of their continuity, and without the least laceration, the opening can
be so dilated as to admit the fore-finger readily through the same
wound; the forceps can be introduced upon this as a guide, and they can
also be removed along with a stone of considerable dimensions, say from
three to nearly five inches in circumference, in one direction, and from
four to six in the largest."--Practical Surgery, page 510. This doctrine
(founded, no doubt, on Mr. Liston's own great experience) coincides with
that first expressed by Scarpa, Le Cat, and others. Sir Benjamin Brodie,
Mr. Stanley, and Mr. Syme are also advocates for limited incisions,
extending no farther than a partial division of the prostate, the rest
being effected by dilatation. The experience, however, of Cheselden,
Martineau, and Mr. S. Cooper, inclined them in favour of a rather free
incision of the prostate and neck of the bladder proportioned to the
size of the calculus, so that this may be extracted freely, without
lacerating or contusing the parts, "and," says the distinguished
lithotomist Klein, "upon this basis rests the success of my operations;
and hence I invariably make it a rule to let the incision be rather too
large than too small, and never to dilate it with any blunt instrument
when it happens to be too diminutive, but to enlarge it with a knife,
introduced, if necessary, several times."--Practische Ansichten der
Bedeutendsten Chirurgische Operationen. Opinions of the highest
authority being thus opposed, in reference to the question whether free
or limited incisions in the neck of the bladder are followed
respectively by the greater number of fatal or favourable results, and
these being thought mainly to depend upon whether the pelvic fascia be
opened or not, one need not hesitate to conclude, that since facts seem
to be noticed in support of both modes of practice equally, the issue of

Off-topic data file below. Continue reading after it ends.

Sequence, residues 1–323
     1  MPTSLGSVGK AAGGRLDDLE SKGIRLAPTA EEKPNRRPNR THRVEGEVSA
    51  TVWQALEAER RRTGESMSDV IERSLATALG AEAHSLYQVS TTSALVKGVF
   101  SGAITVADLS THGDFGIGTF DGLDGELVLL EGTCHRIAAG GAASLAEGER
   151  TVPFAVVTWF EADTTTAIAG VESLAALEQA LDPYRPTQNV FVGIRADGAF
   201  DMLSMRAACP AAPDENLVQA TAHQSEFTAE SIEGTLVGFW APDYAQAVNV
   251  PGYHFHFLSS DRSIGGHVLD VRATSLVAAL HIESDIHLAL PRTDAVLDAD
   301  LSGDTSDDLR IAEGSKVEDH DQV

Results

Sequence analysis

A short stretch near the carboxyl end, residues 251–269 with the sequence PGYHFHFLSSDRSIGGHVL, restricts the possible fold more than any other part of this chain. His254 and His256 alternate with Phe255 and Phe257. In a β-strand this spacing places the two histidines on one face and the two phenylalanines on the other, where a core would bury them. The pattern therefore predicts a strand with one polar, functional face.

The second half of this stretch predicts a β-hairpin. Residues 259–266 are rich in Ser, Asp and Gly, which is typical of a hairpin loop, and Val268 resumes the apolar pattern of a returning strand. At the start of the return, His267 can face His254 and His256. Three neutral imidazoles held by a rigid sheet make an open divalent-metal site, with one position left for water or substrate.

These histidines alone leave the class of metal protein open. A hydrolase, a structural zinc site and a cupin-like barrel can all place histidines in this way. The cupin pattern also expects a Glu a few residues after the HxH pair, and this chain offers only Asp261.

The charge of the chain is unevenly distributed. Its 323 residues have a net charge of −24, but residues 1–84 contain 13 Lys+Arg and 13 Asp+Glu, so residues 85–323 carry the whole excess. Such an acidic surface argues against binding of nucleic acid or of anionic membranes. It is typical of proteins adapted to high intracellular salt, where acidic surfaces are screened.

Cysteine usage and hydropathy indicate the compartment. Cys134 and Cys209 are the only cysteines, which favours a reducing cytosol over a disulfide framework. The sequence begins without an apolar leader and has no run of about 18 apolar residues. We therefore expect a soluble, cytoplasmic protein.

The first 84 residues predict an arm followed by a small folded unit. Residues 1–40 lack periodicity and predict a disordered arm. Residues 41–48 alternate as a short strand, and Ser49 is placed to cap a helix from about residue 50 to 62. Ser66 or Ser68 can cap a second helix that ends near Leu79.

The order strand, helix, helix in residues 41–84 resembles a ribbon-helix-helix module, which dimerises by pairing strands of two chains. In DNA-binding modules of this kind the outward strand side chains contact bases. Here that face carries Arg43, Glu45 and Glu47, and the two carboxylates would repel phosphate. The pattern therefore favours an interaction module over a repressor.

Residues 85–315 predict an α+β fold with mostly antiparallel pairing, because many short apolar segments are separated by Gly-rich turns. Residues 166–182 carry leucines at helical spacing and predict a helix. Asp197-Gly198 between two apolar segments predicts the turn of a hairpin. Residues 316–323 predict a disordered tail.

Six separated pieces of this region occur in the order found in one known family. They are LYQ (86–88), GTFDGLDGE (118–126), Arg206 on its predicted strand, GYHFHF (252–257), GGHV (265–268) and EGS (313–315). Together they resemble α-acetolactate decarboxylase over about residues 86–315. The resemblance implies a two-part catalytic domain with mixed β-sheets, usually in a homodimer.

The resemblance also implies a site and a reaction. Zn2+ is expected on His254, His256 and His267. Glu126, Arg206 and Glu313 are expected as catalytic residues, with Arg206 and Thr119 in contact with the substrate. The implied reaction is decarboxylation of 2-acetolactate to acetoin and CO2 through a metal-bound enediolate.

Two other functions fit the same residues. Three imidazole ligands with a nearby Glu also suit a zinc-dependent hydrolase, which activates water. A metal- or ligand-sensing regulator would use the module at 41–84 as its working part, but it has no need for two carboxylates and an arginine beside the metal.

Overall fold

the cases themselves must really be dependent upon other circumstances,
such as the state of the constitution, the state of the bladder, and the
relative position of the internal and external incisions. "Some
individuals (observes Sir B. Brodie) are good subjects for the
operation, and recover perhaps without a bad symptom, although the
operation may have been very indifferently performed. Others may be
truly said to be bad subjects, and die, even though the operation be
performed in the most perfect manner. What is it that constitutes the
essential difference between these two classes of cases? It is,
according to my experience, the presence or absence of organic
disease."--Diseases of the Urinary Organs.]
The position in which the staff is held while the membranous urethra and
prostate are being divided should be regulated by the operator himself.
If he requires the perinaeum to be protruded and the urethra directed
towards the place of the incision, he can effect this by depressing the
handle of the instrument a little towards the right groin, taking care
at the same time that the point is kept beyond the prostate in the
interior of the bladder.
DESCRIPTION OF THE FIGURES OF PLATES 52 & 53.
A. The urethra.
B. Accelerator urinae muscle.
C. Central perinaeal tendon.
D D. Right and left erector penis muscle.
E E. The transverse muscles.
F. The anus.
G G. The ischiatic tuberosities.
H. The coccyx.
I I. The glutei muscles.
K K. The levator ani muscle.
L. The left artery of the bulb.
A, D, F, G, H, I, K, L refer to the same parts as in Fig. 1, Plate 52.
B. The urethra.
C. Cowper's glands between the two layers of--
E. The deep perinaeal fascia.
M. The bulb of the urethra.
A, B, C, E, F, G, H, I, K, L refer to the same parts as in Fig. 2, Plate
D D. The two crura penis.
M. The urethra in section
N N. The rectum.
O. The sacro-sciatic ligament.
A, B, D, G, H, I, K, L, O refer to the same parts as in Fig. 1, Plate 53.
C C. The two lobes of the prostate.
F. The rectum turned down.
M. The membranous part of the urethra.
N N. The vesiculae seminales.
P. The base of the bladder.
Q Q. The two vasa deferentia.